Technical expertise

Solid technical skills as a success factor: system approach and anticipating challenges

System approach:

Bosch Rexroth engineers went beyond simply building according to the rough design provisions set forth in the specifications; they provided critical support for the overall approach of the system, including:

  • Understand the static and dynamic behavior of the entire system in its different phases of operation,
  • Optimize the equipment’s energy consumption,
  • Optimize power consumption peaks,
  • Develop equipment control and monitoring strategies,
  • Function of the elevator assembly and timing, taking account of the impact on the passenger experience,
  • Optimize system controllers,
  • Plan and implement redundancy in the hydraulic system and specify self-test sequences in operation, to maximize the availability of the equipment.
  • Receipt of cylinders in the factory at Boxtel

Anticipate challenges through smart use of digital simulations tool

What are the digital simulations used for?

An important element of Bosch Rexroth’s system approach is the use of digital simulations to verify, with a computer-based digital model, the static and dynamic behavior of a complete system, to confirm that it is properly designed, well before production.

Digital simulations for the Eiffel Tower project

As part of the Eiffel Tower project, a digital model including the hydraulics, mechanics and the control system was created:

  • Model of the mechanical part: created in ADAMS.MSC 2003© by DEP Engineering Company,
  • Model of the hydraulics and the control system created in MOSIHS (Bosch Rexroth development),
  • Coupling and operation of the two models produced by Bosch Rexroth.

Through this model, it was possible to simulate selected operational scenarios and to verify the overall behavior of the system in ascent and descent, with changes in on-board weight, for example.

Several points are analyzed, including:

  • System parameters, pressures, flow rates at various points of the circuit, power/torque required for the electric motors, maximum displacement of the hydraulic pumps, overall pressure drops in the hydraulic system, effects on hydraulic actuators, positions, speeds, accelerations of the hydraulic cylinders and the elevator cabins,
  • Research and optimize controllers to control the position/speed/acceleration of the cabins, taking account of the significant elasticity effects resulting from the cables of the mechanics and the fluid columns in the hydraulic system, and check for proper control of the entire assembly,
  • Simulate the overall behavior with different sampling frequencies of the control system and various resolutions of the measurement systems,
  • Simulate the behavior of the assembly under the effects of faults or disturbances (e.g., carriage friction, internal friction of the hydraulic actuators, obstacles/imperfections on the rails of the hoisting trolleys, etc.).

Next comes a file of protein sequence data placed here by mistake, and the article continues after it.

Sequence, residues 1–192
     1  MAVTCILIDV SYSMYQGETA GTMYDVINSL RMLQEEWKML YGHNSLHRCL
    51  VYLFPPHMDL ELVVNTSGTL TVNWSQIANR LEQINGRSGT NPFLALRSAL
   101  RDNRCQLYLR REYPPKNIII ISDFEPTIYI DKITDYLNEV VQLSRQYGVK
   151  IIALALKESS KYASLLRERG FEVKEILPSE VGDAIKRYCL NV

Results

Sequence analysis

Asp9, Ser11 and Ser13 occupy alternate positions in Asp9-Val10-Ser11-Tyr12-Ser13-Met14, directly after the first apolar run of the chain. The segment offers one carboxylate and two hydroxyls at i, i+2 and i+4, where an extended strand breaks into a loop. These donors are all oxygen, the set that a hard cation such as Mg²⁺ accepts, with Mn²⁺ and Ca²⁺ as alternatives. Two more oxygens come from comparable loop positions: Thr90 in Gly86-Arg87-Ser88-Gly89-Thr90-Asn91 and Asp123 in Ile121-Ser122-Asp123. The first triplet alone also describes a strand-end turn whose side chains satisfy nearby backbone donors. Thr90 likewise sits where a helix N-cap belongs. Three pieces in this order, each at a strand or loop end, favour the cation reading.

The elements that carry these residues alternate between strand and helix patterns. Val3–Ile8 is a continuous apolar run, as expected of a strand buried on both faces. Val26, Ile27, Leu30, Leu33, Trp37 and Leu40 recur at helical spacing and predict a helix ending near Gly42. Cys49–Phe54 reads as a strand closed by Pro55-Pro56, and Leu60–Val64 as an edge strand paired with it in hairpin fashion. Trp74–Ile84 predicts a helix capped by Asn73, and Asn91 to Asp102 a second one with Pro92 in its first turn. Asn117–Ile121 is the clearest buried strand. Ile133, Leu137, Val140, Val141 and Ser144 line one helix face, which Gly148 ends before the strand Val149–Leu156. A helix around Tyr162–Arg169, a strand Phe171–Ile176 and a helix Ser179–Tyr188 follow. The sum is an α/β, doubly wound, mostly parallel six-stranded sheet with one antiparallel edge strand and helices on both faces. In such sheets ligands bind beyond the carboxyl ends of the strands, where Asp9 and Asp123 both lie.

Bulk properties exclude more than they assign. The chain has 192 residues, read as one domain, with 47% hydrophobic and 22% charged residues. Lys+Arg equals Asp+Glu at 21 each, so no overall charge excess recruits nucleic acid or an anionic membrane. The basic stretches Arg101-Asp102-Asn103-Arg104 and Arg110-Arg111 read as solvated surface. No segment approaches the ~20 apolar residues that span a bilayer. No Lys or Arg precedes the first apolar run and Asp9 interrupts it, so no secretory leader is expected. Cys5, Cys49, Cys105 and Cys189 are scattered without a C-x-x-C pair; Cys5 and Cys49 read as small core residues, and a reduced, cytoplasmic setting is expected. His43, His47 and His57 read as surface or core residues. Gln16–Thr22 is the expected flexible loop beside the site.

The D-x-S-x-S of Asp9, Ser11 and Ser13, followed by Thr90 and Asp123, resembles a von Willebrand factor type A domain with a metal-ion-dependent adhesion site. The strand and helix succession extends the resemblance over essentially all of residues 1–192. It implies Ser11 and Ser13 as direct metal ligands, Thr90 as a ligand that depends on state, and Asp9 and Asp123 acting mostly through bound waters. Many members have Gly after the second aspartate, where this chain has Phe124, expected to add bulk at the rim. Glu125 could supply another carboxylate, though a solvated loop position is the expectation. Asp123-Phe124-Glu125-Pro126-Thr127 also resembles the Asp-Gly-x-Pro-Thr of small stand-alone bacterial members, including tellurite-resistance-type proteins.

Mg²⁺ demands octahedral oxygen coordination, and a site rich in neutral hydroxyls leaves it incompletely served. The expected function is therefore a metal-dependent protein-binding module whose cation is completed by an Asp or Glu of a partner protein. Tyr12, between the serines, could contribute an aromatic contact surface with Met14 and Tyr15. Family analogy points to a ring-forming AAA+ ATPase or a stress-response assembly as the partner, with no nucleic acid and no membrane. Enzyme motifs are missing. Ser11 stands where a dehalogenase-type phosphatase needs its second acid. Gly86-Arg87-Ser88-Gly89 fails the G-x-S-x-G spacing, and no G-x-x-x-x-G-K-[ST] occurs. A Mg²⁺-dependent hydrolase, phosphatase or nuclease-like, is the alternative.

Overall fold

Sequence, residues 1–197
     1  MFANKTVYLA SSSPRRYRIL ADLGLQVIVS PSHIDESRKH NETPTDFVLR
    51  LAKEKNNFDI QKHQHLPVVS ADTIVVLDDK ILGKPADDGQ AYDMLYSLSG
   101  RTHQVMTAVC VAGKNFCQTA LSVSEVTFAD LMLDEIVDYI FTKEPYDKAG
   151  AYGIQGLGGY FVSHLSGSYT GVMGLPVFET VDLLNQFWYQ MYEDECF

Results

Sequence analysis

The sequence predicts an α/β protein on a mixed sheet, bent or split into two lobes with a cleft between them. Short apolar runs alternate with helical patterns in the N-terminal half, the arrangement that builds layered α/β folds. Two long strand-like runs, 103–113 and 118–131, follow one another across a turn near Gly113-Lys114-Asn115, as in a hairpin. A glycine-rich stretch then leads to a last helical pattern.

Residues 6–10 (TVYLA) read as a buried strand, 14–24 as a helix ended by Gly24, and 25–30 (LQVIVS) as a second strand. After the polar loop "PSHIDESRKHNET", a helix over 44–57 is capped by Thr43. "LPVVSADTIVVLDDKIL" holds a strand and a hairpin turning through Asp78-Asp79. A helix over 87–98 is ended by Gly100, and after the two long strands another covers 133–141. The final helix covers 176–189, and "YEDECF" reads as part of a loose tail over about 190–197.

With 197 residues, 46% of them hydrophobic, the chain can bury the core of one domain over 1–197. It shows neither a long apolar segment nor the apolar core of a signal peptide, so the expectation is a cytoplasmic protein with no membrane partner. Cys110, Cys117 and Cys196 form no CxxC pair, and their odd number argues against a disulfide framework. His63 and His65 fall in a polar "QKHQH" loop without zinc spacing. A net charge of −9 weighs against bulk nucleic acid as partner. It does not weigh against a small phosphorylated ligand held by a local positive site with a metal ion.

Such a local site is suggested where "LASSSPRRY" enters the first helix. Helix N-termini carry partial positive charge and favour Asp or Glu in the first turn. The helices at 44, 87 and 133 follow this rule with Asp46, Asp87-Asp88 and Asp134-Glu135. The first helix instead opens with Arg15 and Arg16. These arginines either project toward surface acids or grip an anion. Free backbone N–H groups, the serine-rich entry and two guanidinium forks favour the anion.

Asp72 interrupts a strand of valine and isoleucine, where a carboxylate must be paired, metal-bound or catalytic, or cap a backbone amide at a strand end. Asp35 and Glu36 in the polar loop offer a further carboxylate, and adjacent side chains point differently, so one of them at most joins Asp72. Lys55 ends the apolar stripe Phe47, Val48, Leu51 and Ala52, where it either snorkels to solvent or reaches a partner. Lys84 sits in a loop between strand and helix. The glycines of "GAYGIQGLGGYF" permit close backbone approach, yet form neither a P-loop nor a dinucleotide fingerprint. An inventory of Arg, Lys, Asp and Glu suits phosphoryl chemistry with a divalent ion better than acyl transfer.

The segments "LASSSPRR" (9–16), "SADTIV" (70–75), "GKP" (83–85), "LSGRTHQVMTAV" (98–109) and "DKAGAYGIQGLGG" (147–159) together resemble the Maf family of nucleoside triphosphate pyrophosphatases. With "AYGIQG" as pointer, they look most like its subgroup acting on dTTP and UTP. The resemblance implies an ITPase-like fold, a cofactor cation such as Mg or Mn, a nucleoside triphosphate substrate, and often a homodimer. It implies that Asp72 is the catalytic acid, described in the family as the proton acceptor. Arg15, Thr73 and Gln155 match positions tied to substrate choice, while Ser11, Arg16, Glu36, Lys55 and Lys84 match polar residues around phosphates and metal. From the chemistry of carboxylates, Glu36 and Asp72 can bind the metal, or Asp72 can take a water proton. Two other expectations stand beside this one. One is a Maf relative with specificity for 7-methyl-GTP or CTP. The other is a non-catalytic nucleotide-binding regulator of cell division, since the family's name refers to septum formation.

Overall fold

Before the first element is manufactured, these system factors are addressed:

  • Confirm the correct sizing of the equipment and its proper interaction,
  • Define the equipment control strategies regarding the servo control of the main positioning/speed setting assembly of the cabins, which facilitates and therefore enables subsequent commissioning to be significantly accelerated,
  • Understand and detail the influence of the different elements in the composition of the system and overall system behavior, and identify potentially critical parameters, thus enabling:
    • Documentation of specifications for the subsystems concerned (e.g., minimum resolution of measurement systems, maximum permissible internal friction for actuators, max thresholds of detection of defects in operation, etc.)
    • The definition and provisional implementation of counter-measures seeking to process, later, if necessary, difficulties that might arise in the equipment commissioning phase.

Example: the cabin leveling function

The leveling function is used to hold the cabin on the floor while the passengers enter and leave, in such a way as to avoid creating a step that would be an obstacle affecting accessibility for people with reduced mobility and, more generally, for comfortable use of the elevator. Indeed, variations in cabin payload cause variations in the length of the supporting cables and consequently a parasitic ascent or descent of the cabin that may reach several tens of centimeters. This phenomenon is observed on all cable systems but is particularly noticeable on the elevator of the Eiffel Tower because of the exceptional length of the cables: 400 meters.



This feature was the subject of very particular attention, including the use of digital simulations.


In the same way as for the coupled simulations of the overall system, these simulations were also used to check the correct static and dynamic sizing of the leveling systems. Simulations also enabled the definition, validation and pre-optimization of a very specific closed-loop control principle in cabin position on the floors while passengers are entering/leaving the cabins, taking account of the whole dynamic system involved.
They were also used to highlight the critical parameters of the installation (e.g., internal friction, stiffness of the cables, etc.) and to set up provisional counter-measures to be implemented in the event of difficulties in final commissioning.